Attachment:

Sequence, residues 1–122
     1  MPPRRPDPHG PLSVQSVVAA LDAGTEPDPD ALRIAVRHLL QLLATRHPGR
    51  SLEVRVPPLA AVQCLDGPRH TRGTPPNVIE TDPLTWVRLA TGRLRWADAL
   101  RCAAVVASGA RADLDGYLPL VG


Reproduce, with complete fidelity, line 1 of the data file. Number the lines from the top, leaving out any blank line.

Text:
Sequence, residues 1–122